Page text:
“The internal communication process was lacking a little bit,” he said. “We’ve addressed that situation and are better prepared for a similar one in the future.”

In 2008, the HawkAlert was scrutinized after alerting UI students of a possible gunman on campus. In fact, local resident Steven Sueppel had killed his wife and four children earlier that morning, but he didn’t use a gun, and there was no indication he was near campus.

Visin said officials were being cautious and sending out what information they had at the time.

“So we’re here,” he said. “It’s 6 in the morning. We hear he shot and killed his wife and kids with a gun and he’s possibly on campus. So what do you do? You put out your best. If that happens to be wrong, you try to fix it.”

Both Visin and Kendig have said the future changes are not related the UIHC escapee incident.

The plan will be completed within the next month and students can expect to see these changes during the next emergency, Kendig said.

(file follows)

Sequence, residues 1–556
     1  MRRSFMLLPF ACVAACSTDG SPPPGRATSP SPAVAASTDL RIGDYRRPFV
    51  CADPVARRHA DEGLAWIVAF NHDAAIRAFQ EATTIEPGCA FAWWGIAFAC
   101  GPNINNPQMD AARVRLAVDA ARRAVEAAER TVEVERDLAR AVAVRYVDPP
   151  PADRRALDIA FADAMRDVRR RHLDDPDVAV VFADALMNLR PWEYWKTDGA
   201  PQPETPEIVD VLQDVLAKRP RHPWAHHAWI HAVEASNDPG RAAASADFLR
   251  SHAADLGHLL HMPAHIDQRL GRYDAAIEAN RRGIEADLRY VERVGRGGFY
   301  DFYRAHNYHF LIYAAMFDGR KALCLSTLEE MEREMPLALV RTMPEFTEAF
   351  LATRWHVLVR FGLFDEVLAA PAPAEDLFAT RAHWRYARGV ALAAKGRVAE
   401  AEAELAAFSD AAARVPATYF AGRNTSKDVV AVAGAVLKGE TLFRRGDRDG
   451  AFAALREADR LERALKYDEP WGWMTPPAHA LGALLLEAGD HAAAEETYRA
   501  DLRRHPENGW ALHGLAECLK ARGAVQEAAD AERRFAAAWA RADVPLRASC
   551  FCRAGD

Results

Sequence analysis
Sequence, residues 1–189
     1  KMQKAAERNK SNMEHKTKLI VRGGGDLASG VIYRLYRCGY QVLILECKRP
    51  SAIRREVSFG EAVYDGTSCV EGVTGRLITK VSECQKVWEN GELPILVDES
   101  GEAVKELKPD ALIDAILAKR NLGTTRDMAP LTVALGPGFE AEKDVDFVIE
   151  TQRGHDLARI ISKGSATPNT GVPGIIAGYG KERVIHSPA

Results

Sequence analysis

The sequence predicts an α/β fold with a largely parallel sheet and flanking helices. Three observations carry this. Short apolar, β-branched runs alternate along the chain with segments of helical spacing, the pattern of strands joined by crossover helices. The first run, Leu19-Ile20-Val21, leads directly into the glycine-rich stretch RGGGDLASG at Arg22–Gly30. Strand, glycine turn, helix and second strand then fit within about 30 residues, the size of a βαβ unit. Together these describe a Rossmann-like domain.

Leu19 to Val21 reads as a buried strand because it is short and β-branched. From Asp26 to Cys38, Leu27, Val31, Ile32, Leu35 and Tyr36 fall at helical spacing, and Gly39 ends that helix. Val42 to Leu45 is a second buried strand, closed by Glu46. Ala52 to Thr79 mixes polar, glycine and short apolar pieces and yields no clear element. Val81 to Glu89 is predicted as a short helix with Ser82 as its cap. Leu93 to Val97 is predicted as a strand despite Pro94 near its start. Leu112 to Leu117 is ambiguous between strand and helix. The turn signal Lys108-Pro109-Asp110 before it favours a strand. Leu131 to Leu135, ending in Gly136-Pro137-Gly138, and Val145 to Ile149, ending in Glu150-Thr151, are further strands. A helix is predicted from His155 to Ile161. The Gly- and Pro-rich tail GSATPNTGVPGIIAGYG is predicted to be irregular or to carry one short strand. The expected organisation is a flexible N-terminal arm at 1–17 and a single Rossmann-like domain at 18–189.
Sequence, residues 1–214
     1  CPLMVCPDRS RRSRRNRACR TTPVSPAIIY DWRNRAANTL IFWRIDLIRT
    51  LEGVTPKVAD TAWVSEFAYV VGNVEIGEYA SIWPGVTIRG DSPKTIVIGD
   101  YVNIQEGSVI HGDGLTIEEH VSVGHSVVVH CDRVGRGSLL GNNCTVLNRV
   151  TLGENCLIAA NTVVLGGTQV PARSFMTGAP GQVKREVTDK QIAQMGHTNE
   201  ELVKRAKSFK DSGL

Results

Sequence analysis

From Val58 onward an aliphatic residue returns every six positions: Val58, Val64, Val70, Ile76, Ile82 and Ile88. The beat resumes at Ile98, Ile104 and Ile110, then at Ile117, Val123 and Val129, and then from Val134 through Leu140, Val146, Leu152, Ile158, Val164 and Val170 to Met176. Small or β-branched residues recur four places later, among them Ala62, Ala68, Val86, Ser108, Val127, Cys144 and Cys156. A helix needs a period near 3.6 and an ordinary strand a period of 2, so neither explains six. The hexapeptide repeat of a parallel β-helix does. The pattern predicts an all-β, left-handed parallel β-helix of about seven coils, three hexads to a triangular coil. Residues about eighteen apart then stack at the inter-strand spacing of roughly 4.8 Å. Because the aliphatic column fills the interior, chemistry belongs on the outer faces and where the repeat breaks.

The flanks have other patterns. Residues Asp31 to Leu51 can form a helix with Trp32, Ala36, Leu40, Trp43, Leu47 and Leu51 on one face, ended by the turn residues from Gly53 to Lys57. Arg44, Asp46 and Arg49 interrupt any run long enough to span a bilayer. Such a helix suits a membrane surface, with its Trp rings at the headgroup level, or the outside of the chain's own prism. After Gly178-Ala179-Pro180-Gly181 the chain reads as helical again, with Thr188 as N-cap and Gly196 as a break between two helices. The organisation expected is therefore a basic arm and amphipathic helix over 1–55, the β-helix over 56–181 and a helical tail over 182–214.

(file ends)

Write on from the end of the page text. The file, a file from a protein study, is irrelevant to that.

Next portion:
How does the HawkAlert work?

When an emergency occurs, the UI police’s watch commander at the time is responsible for deciding whether to send out a HawkAlert. “Any incident that might have major consequences to the university” is usually the rule of thumb, Visin said.

If an alert is deemed appropriate, a dispatcher sends out the initial message, and then Strategic Communications is responsible for crafting any subsequent notifications UI police decide to send.

The HawkAlert is hosted by software, Blackboard Connect, and costs $1 per UI student, staff, and faculty, per year.

Regarding HawkAlert’s inability to reach all of the university community, one UI official said that’s OK. The alert is not meant to reach everybody, said Steven Fleagle, the UI chief information officer.

“It’s a lot of messages to send out,” he said, noting that 90 percent of the phone calls and e-mails get out within 15 minutes.